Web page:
These widely-used cholesterol drugs can cause memory loss—there are even new warning labels about this and diabetes risk.
Statin drugs are huge money-makers for the drug companies. They’re touted as being able to lower cholesterol and thus reduce the risk of heart attack and heart disease. They also weaken the immune system and make it difficult to fight off bacterial infections; increase the production of cytokines, which trigger and sustain inflammation; deplete the essential nutrient Co-Q10; and have documented side effects. These include nerve damage, neurological problems (including Lou Gehrig’s Disease), muscle damage (don’t forget that the heart itself is a muscle), liver enzyme derangement, and in some cases even kidney failure, not to mention tendon problems, anemia, acidosis, cataracts, and sexual dysfunction.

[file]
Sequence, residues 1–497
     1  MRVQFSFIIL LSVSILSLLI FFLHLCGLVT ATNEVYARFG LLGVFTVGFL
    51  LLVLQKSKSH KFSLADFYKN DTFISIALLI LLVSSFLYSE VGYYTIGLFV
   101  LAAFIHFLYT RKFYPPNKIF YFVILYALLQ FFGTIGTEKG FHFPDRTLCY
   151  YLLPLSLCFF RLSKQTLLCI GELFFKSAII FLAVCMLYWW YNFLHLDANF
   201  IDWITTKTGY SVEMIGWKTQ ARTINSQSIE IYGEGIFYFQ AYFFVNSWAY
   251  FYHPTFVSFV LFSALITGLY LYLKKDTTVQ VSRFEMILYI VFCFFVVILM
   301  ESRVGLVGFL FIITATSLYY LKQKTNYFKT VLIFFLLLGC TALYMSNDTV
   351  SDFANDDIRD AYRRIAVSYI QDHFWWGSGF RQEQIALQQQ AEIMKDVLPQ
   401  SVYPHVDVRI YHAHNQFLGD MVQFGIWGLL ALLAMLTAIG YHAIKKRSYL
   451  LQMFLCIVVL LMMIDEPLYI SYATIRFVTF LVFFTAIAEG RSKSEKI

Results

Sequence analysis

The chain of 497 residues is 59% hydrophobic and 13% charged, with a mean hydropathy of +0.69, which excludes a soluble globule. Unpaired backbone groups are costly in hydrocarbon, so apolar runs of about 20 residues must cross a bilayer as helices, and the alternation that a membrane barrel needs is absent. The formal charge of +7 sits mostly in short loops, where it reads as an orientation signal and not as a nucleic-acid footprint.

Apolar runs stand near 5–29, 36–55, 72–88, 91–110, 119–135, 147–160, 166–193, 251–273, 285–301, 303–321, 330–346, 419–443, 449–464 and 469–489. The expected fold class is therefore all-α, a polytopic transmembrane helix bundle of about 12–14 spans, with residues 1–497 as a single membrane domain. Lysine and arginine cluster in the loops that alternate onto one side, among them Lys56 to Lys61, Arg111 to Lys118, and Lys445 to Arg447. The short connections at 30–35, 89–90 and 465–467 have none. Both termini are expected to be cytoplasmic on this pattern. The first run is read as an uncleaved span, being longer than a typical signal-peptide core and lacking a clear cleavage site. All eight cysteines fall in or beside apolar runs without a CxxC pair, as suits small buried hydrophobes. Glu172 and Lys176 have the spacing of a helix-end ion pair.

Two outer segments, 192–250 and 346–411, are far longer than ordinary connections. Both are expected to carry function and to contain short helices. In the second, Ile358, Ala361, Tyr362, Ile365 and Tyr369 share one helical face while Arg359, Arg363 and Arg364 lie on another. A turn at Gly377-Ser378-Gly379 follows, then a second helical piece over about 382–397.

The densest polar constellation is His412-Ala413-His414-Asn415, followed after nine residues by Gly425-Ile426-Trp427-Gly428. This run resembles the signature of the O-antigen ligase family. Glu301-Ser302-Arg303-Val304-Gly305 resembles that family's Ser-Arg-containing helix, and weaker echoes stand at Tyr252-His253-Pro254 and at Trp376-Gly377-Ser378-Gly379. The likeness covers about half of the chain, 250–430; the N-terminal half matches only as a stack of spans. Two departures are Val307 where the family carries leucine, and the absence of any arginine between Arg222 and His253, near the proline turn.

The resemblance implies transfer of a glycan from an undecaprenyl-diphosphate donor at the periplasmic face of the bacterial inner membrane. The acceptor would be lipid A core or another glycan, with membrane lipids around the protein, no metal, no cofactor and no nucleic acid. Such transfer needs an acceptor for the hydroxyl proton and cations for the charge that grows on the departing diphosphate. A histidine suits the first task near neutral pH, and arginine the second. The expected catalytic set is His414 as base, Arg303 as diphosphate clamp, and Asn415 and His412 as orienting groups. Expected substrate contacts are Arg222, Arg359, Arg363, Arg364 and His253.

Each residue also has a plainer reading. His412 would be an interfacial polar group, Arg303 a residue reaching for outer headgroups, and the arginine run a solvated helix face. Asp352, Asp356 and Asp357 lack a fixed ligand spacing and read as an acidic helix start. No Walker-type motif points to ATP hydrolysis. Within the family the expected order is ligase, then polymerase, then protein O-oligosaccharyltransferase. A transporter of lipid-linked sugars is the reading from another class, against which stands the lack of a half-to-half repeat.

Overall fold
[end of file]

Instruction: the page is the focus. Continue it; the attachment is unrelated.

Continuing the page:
Moreover, as we reported in January, statin drugs increase one’s risk of developing diabetes. A 2010 meta-analysis found that statin therapy of any dosage was associated with 9% greater diabetes risk.
The FDA should pull all statins. But at least there are some new label warnings, however mild. Now the consumer may read about the risk of memory loss and confusion. But the FDA adds: “These reports generally have not been serious and the patients’ symptoms were reversed by stopping the statin. However, patients should still alert their health care professional if these symptoms occur.”
New labels also include a warning that increased blood sugar levels (hyperglycemia) and an increased risk of being diagnosed with type 2 diabetes have been reported with statin use. We wonder how long it will take for FDA to add warnings, however mild, about bacterial infections, neurological problems, muscle damage, anemia, and sexual dysfunction. (“Never mind the sexual dysfunction,” the drug manufacturers will say. “We have a pill for that!”)